I bought a BooksShelf promo package, which includes a newsletter ad, book of the day spot, featured spots, a written review, a promo video (of sorts), a whole mess of stuff. I can’t say it generated any sales, based on my KDP dashboard. It wasn’t expensive, but it feels a bit like an incredibly large mixed bag of vapor: it seems like you get a lot for the money, but in the end it didn’t do much.

I did Reedsy Discovery. This was also a firm “meh.” It’s an inexpensive review, and the one I got was well-written and complimentary, so if you’re using reviews as part of your marketing (e.g., in the Amazon description), this is cheaper than Kirkus or BookLife (which I also paid for reviews from). But you have to get a TON of votes to push your book into their newsletter. My friends rallied and I was 2nd place for the cycle, so I got in… and as far as I can tell nothing came of it. Like, zero buys within the week the newsletter came out.

I also bought a package from SelfPublishingReview.com. These guys basically market your book to their newsletter, with the goal of either driving purchases to get you into a category top 10, or for getting net-new reviews. You’re not paying for reviews per se; they just keep marketing you until your review count hits the agreed-upon number. This was expensive, but worked OK in that I got what I paid for. They will try to coach you into changing your book categories to tiny ones where you have a better shot of breaking the top 10 with a hundred sales or so, and in my case the categories they suggested were a huge stretch for my novel, so I declined. I did break the top 100, which was nice, but I obviously won’t stay there, and I’m not sure what long-term effect that will have on Amazon’s algorithm (“none,” I suspect). Again, not sure I’d do this again.

Introspection

I’m not mad that I set the money aside for all these things. We recently sold some real estate, so I had the money, and this is one of those “if I don’t try it, I’ll never know” things. And I didn’t just pay for these services: I also did all the other marketing things you’re meant to do: reaching out to bloggers, podcasters, and BookTokkers, coordinating all the marketing services, and all that. In the end though, it felt mainly like a big fail.

That created a lot of depression for me. I know my two main fantasy series are good (Clara Thorn and Daniel Scratch: a story of witchkind). They’ve both been professionally development- and copy-edited, at a cost of about $3k per book total. They get great reviews. I have friends and colleagues who routinely bug me about sequels, because they want to get back into the world. I loved writing them, and I want to get back into those worlds myself. But none of that’s enough to make me, say, a Will Wight—a self-published, Kindle Select author whose writing I enjoy immensely and whose success I’m stupidly envious of. “Get the Word Out” is obviously the right step, but in my case none of getting the word out resulted in people buying or reading books.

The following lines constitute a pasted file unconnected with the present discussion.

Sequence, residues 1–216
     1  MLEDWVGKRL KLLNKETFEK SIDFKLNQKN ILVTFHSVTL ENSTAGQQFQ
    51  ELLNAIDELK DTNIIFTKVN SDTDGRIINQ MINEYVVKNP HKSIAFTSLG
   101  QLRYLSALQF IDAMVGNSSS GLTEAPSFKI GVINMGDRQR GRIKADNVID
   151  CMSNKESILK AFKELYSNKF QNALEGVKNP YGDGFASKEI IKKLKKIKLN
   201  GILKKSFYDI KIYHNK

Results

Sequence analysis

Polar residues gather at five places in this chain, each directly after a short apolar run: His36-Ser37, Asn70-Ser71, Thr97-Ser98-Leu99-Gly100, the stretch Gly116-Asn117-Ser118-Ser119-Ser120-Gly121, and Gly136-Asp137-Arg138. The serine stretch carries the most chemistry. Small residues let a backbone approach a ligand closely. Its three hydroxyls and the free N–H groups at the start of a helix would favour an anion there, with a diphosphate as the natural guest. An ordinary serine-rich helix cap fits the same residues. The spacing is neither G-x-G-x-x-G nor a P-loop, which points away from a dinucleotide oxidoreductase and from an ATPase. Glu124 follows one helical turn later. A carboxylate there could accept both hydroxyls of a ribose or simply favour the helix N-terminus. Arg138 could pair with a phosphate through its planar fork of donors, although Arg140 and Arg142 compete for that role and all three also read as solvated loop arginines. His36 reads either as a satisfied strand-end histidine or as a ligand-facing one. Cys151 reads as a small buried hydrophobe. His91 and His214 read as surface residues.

So I’ve had to come to grips with why I write. If it’s to become a financially successful author, then I feel I should probably just quit. On the other hand, if it’s because I love writing my stories and sharing them with the handful of people who’ll read them… well, I can do that. I can budget for copyediting on a couple of novels a year, at least. I can skip all the marketing, since it doesn’t seem to work for my novels anyway. It’ll just be a hobby that’s perhaps no more expensive than other hobbies I could choose, and it’s a hobby that makes me happy and helps me relax.

With that in mind, I’ve set up a Patreon page. If you’d like to support my work, help defray the costs of development and copyediting, and get every novel and short story I write—take a look. I’m planning to share each chapter as I write them, so for folks who like a continual stream of low-volume reading, you can treat each novel as a serial of sorts. And if you’re a fan of physical books, I’ll be offering each new novel in hardcover format—and there’s a membership option to get every one sent right to you.

Optimism

I don’t think I’ve entirely given up on my books being financially successful. I mean, I need to basically sell around 1500 copies, in most cases, to break even on hard production costs. A bit more if you factor in custom cover art. That’s a lot of copies. But I think I’ve just made peace with my writing being a hobby; I’ll absolutely cherish every reader who enjoys my stories, but I’m going to write for them, and for me, and not so much for financial success. If it comes one day, I’ll be happier and prouder than anyone can possibly imagine… but if it doesn’t, I’ll still be awfully happy.

Your thoughts?